From AAS NOVA: “Beginnings of a Branch”

AASNOVA

From AAS NOVA

9.14.22
Ben Cassese

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The Sagittarius stellar stream wrapping around the Milky Way [David Law, UCLA]

The Sagittarius stellar stream is split into two branches: a large, bright river of stars and a smaller, fainter parallel creek. What’s the cause of this fissure, and where did the stars in this sibling stream come from?

A Stream of Stripped Stars

The Sagittarius (Sgr) dwarf galaxy has a complicated past with the Milky Way. The two galaxies have been slowly merging for several billion years, but the process has not gone smoothly for both parties. Although the Milky Way has been largely unaffected, many of Sgr’s original constituent stars have been stripped away and stretched into a long filament that wraps all the way around our sky. This is referred to as the Sagittarius stellar stream, and it was first discovered in the early 2000s.

For more than two decades now, astronomers have attempted to recreate the original conditions of this destructive embrace and envision what this contorted stream once looked like. Several models can reproduce the basic structure of the remains we see today, but the models that recreate the separation between bright and faint branches also make incorrect predictions about the spin of Sgr’s core. Now, a team led by Pierre-Antoine Oria (University of Strasbourg) has proposed a new origin for this faint branch that better matches our observations.

Disky Beginnings

To reach their conclusion, Oria and collaborators created a suite of artificial disks, each with their own inclination, angular momentum, and collection of massless test particles meant to represent stars. They then injected these disks into a previous model of the Sgr–Milky Way merger that did not reproduce the separation into different branches. After letting the simulation run, they checked which disk configuration best recreated the faint stream. Curiously, this best disk turned out to be nearly perpendicular to both the Milky Way’s plane and Sgr’s orbital plane.

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The locations of selected test particles over the course of a simulation. Note the difference in scales between the top left panel and all other panels: this initial zoom shows that all particles that ended in the faint branch began nestled in initial spirals. [Oria et al. 2022]

After establishing that the faint branch stars likely came from this rotated disk, the team went a step further and determined not just the orientation of the parent disk but also the structure within it. By flagging particles that ended up in the faint branch at the end of the simulation, the team rewound the clock to check where those particles had begun their simulated lives. Although the authors had distributed the stars randomly throughout the initial disk without regard for any pattern, it turned out that all the stars that would someday arrive in the faint branch initially traced out a spiral structure.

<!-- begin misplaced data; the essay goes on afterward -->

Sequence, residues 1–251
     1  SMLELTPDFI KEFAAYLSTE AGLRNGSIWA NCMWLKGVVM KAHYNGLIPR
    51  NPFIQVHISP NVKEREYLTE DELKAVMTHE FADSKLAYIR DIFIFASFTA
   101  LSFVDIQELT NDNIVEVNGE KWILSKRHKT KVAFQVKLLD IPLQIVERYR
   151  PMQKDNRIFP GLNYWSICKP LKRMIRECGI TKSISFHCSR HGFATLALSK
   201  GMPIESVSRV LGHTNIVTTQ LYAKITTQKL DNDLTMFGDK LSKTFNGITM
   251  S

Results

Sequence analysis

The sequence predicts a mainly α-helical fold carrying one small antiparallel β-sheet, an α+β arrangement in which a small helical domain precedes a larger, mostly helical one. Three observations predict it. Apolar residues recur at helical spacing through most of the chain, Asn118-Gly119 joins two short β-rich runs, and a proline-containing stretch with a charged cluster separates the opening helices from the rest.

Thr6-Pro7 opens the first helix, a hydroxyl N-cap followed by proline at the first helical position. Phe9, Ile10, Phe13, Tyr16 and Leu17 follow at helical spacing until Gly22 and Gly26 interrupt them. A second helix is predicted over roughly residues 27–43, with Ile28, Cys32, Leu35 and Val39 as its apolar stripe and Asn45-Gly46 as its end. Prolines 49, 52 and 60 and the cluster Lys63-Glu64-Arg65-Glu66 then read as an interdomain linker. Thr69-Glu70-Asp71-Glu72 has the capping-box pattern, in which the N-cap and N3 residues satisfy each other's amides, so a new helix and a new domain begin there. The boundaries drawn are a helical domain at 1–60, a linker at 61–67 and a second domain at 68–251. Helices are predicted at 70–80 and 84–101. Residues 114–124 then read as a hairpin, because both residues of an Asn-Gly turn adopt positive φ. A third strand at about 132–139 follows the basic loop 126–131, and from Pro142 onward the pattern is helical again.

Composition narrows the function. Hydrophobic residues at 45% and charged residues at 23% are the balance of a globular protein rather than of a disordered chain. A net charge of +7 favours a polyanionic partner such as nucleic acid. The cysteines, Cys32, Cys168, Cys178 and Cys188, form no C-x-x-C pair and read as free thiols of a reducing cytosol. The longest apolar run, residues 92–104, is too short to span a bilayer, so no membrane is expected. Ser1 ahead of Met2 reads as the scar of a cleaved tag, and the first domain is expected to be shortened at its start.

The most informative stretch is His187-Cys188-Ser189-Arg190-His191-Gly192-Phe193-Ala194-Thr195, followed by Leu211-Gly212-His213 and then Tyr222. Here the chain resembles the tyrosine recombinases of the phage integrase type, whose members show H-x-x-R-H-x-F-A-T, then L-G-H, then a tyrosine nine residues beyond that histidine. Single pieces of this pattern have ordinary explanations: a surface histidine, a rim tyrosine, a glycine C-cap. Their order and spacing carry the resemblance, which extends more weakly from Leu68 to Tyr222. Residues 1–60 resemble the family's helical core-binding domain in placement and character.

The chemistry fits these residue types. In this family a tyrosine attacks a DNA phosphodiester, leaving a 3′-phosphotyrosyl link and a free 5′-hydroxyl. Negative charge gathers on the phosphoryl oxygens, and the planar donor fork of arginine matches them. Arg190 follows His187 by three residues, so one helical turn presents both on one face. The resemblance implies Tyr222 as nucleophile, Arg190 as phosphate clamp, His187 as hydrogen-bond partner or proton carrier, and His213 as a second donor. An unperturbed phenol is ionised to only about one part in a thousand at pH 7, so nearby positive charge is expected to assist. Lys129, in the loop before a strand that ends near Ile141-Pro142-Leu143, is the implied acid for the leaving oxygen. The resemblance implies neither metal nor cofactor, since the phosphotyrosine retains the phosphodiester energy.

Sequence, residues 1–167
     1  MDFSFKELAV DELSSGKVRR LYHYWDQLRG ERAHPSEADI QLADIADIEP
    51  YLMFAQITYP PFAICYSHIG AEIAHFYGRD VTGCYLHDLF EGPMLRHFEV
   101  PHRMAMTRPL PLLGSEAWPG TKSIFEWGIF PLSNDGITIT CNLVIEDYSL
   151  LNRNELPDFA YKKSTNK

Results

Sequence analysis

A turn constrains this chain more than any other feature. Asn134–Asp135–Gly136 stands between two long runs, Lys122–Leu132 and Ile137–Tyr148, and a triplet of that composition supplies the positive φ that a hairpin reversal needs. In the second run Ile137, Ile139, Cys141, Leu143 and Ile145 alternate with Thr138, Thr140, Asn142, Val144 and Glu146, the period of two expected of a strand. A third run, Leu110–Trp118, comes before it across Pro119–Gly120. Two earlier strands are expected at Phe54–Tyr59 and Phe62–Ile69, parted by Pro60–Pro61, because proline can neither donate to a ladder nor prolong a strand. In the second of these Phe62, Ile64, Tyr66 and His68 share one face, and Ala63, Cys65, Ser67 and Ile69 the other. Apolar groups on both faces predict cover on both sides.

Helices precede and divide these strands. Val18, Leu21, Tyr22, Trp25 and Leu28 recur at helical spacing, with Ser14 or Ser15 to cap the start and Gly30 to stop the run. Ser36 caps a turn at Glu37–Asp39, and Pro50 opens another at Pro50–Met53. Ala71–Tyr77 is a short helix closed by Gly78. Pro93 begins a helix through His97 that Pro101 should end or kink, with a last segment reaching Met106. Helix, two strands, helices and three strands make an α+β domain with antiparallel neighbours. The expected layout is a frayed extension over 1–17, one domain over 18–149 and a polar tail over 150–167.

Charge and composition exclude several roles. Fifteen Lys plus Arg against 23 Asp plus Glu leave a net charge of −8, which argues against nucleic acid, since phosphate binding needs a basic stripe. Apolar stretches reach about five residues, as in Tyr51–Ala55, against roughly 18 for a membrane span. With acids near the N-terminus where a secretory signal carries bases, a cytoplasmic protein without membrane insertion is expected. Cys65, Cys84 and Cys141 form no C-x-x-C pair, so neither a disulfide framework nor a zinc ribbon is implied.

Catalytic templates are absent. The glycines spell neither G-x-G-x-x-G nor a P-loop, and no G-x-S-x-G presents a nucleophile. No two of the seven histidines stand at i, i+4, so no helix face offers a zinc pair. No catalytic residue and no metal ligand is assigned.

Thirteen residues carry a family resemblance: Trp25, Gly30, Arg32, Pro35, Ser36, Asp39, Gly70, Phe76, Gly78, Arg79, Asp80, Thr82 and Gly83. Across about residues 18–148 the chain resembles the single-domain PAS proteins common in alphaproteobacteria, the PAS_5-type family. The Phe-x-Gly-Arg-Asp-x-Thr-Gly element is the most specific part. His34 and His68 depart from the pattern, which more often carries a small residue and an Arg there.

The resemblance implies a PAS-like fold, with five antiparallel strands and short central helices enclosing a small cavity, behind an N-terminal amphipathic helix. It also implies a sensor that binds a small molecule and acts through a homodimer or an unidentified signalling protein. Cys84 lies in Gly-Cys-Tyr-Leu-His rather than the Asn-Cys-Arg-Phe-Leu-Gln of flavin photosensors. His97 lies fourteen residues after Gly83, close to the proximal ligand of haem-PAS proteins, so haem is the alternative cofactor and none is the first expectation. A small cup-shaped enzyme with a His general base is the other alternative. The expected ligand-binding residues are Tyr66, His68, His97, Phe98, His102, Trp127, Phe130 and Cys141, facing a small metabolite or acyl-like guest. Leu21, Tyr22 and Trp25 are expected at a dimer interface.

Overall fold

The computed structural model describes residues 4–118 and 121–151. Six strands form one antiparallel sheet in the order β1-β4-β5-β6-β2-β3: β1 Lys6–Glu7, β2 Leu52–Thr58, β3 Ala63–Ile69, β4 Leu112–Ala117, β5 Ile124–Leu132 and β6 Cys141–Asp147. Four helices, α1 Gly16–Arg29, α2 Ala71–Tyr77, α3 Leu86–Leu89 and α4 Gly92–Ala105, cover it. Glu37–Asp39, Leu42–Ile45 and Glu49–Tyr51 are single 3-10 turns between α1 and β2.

New Ingredients

In summary, Oria and collaborators suggest that the stars that make up the faint branch of the Sgr stellar stream likely originated in a misaligned, spiraled disk. This model successfully reproduces today’s observed faint branch structure, but it is not without flaws: it over-predicts the thickness of the main branch and opens new questions about the origins of the spiral. Excitingly, though, the authors suggest that their disk can be added to a more complete model of the Sgr merger in the future, meaning this new ingredient brings us one step closer to a full reconstruction of Sgr and its slow destruction.

Citation

Revisiting a Disky Origin for the Faint Branch of the Sagittarius Stellar Stream, Pierre-Antoine Oria et al 2022 ApJL 932 L14.

https://iopscience.iop.org/article/10.3847/2041-8213/ac738c

See the full article here .


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The mission of the American Astronomical Society is to enhance and share humanity’s scientific understanding of the Universe.

The Society, through its publications, disseminates and archives the results of astronomical research. The Society also communicates and explains our understanding of the universe to the public.
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Adopted June 7, 2009

The society was founded in 1899 through the efforts of George Ellery Hale. The constitution of the group was written by Hale, George Comstock, Edward Morley, Simon Newcomb and Edward Charles Pickering. These men, plus four others, were the first Executive Council of the society; Newcomb was the first president. The initial membership was 114. The AAS name of the society was not finally decided until 1915, previously it was the “Astronomical and Astrophysical Society of America”. One proposed name that preceded this interim name was “American Astrophysical Society”.

The AAS today has over 7,000 members and six divisions – the Division for Planetary Sciences (1968); the Division on Dynamical Astronomy (1969); the High Energy Astrophysics Division (1969); the Solar Physics Division (1969); the Historical Astronomy Division (1980); and the Laboratory Astrophysics Division (2012). The membership includes physicists, mathematicians, geologists, engineers and others whose research interests lie within the broad spectrum of subjects now comprising contemporary astronomy.

In 2019 three AAS members were selected into the tenth anniversary class of TED Fellows.

The AAS established the AAS Fellows program in 2019 to “confer recognition upon AAS members for achievement and extraordinary service to the field of astronomy and the American Astronomical Society.” The inaugural class was designated by the AAS Board of Trustees and includes an initial group of 232 Legacy Fellows.